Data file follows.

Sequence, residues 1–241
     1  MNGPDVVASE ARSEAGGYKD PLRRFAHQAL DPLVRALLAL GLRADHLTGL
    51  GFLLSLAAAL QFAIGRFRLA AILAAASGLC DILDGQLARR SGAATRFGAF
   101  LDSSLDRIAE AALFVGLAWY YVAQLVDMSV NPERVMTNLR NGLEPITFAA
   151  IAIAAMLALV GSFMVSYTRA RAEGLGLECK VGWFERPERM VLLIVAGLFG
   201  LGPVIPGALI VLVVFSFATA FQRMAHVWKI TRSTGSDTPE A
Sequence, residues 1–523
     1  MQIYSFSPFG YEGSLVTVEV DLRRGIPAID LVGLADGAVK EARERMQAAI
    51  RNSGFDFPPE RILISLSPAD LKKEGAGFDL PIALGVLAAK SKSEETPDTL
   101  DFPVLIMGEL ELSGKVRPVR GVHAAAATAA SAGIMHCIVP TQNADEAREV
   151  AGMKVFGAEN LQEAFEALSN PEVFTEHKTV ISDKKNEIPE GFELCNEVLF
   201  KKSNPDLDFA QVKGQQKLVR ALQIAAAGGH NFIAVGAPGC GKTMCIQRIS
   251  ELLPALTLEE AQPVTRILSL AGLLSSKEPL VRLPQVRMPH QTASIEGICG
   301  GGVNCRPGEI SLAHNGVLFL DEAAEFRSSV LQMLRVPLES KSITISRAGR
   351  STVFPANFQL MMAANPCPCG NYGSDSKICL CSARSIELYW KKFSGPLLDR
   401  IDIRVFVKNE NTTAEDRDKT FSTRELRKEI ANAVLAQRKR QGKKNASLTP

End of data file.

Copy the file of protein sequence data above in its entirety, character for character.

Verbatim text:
Sequence, residues 1–241
     1  MNGPDVVASE ARSEAGGYKD PLRRFAHQAL DPLVRALLAL GLRADHLTGL
    51  GFLLSLAAAL QFAIGRFRLA AILAAASGLC DILDGQLARR SGAATRFGAF
   101  LDSSLDRIAE AALFVGLAWY YVAQLVDMSV NPERVMTNLR NGLEPITFAA
   151  IAIAAMLALV GSFMVSYTRA RAEGLGLECK VGWFERPERM VLLIVAGLFG
   201  LGPVIPGALI VLVVFSFATA FQRMAHVWKI TRSTGSDTPE A
Sequence, residues 1–523
     1  MQIYSFSPFG YEGSLVTVEV DLRRGIPAID LVGLADGAVK EARERMQAAI
    51  RNSGFDFPPE RILISLSPAD LKKEGAGFDL PIALGVLAAK SKSEETPDTL
   101  DFPVLIMGEL ELSGKVRPVR GVHAAAATAA SAGIMHCIVP TQNADEAREV
   151  AGMKVFGAEN LQEAFEALSN PEVFTEHKTV ISDKKNEIPE GFELCNEVLF
   201  KKSNPDLDFA QVKGQQKLVR ALQIAAAGGH NFIAVGAPGC GKTMCIQRIS
   251  ELLPALTLEE AQPVTRILSL AGLLSSKEPL VRLPQVRMPH QTASIEGICG
   301  GGVNCRPGEI SLAHNGVLFL DEAAEFRSSV LQMLRVPLES KSITISRAGR
   351  STVFPANFQL MMAANPCPCG NYGSDSKICL CSARSIELYW KKFSGPLLDR
   401  IDIRVFVKNE NTTAEDRDKT FSTRELRKEI ANAVLAQRKR QGKKNASLTP